There’s a tendency to think of power and energy as the same thing. They are not. Power is the rate energy is moved, or used. Energy is the ability to cause change.
Generally, power and energy are thought of in terms of the utility industry, which brings electricity to homes and businesses. And no wonder. Consumer culture is spreading from affluent countries in North America, Europe and Asia to developing nations around the world, bringing with it the voracious appetite for goods, services and energy.
Still, Americans make up less than 5 percent of the world’s population yet consume 26 percent of the world’s energy. Together, the United States and Canada account for 50 percent of energy consumed by the world’s richest industrialized countries; Europe, 33 percent.
As of 2018, natural gas was the largest source of energy (35%) for electricity generation. Natural gas is used in used in steam turbines and gas turbines to generate electricity.
The use of coal is dropping rapidly, but it still ranks as the second-largest energy source for U.S. electricity generation at about 27%. Nearly all coal-fired power plants use steam turbines. A few coal-fired power plants convert coal to a gas for use in a gas turbine to generate electricity.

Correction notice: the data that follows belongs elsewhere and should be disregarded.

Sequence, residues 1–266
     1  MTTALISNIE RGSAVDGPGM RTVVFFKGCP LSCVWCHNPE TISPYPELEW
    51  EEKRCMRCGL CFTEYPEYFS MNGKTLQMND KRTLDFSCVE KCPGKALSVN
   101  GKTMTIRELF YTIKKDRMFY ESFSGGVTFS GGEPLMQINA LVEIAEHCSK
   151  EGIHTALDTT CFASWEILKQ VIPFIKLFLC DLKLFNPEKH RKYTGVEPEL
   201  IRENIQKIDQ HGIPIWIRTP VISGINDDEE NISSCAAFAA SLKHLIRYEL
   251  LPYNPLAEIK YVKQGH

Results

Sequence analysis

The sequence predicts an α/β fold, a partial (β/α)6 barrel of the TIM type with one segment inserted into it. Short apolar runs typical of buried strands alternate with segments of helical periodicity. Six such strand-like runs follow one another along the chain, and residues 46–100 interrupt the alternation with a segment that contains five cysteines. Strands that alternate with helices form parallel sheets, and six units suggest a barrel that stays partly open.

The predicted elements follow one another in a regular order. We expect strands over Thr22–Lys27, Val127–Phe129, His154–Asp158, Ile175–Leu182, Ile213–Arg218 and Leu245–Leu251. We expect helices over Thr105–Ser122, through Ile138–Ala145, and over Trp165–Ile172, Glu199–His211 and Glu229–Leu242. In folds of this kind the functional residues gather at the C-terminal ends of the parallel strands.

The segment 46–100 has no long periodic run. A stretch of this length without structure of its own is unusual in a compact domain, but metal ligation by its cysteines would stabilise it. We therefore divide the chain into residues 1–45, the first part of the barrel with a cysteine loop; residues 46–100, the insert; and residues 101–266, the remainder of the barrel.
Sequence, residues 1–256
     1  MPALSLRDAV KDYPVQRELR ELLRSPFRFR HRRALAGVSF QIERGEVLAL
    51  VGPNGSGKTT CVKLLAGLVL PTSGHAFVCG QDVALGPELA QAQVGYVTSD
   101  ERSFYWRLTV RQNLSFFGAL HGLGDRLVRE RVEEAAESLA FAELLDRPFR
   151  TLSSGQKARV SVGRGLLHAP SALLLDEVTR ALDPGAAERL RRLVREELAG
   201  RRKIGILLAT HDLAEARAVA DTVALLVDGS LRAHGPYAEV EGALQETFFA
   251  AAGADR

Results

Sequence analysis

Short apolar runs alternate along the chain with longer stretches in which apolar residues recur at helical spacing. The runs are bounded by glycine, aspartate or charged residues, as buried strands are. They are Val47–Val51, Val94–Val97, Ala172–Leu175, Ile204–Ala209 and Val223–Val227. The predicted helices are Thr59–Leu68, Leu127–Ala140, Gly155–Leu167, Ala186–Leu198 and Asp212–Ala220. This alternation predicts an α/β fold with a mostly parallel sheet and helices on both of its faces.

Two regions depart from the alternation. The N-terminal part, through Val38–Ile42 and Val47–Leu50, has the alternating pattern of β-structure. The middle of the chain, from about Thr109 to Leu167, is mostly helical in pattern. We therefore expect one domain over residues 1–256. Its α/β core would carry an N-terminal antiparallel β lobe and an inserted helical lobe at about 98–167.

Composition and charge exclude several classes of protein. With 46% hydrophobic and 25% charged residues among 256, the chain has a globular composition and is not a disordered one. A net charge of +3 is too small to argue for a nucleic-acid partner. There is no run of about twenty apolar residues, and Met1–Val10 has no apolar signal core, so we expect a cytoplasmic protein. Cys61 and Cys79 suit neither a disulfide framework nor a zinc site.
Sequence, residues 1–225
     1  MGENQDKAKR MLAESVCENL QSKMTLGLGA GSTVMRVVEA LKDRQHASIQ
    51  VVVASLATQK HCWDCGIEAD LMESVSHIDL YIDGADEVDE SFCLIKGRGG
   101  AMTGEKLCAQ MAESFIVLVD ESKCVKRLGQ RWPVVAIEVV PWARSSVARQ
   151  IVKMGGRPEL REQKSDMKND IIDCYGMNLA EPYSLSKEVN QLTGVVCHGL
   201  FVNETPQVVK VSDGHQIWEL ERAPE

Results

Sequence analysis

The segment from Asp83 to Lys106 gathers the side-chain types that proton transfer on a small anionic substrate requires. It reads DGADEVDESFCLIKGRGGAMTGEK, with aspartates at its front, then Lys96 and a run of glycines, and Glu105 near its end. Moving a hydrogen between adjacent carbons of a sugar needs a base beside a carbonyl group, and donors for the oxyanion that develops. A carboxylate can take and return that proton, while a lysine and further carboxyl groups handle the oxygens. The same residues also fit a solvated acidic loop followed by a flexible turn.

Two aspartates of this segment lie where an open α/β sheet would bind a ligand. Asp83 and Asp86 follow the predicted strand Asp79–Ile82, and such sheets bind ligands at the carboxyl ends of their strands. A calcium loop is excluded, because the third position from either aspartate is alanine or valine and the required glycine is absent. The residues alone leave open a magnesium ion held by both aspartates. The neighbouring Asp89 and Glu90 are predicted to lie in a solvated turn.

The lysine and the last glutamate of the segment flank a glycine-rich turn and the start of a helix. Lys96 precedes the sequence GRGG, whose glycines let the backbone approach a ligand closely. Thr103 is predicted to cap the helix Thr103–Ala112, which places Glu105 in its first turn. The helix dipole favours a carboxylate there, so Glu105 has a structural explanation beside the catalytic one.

Nuclear energy provides one-fifth of U.S. electricity. Nuclear power plants use steam turbines to produce electricity from nuclear fission.
But clearly, the future is trending toward renewable energy, which currently provides 20% of U.S. electricity. An Electricity Futures Study found that by 2050 an 80% of renewables future is feasible with currently available technologies, including wind turbines, solar photovoltaics, concentrating solar power, biopower, geothermal and hydropower.
The study also demonstrates that a high renewables scenario can meet electricity demand across the country every hour of every day, year-round.
Variable resources such as wind and solar power can provide up to about half of U.S. electricity, with the remaining 30 percent from other renewable sources.
The Energy Shift
The energy industry as a whole is shifting to respond to the changing landscape of energy production. Although the largest businesses in the sector are notoriously slow to innovate and adapt, meaningful changes are happening. The cost of fossil fuels is rising as the cost of renewables falls, which means that looking to renewable energy sources is simply good business sense.
Giants of the liquid fuel industry like BP and Shell are already making sizable investments in renewable energy companies as they look to safeguard their status in a future that will be free from their primary product.
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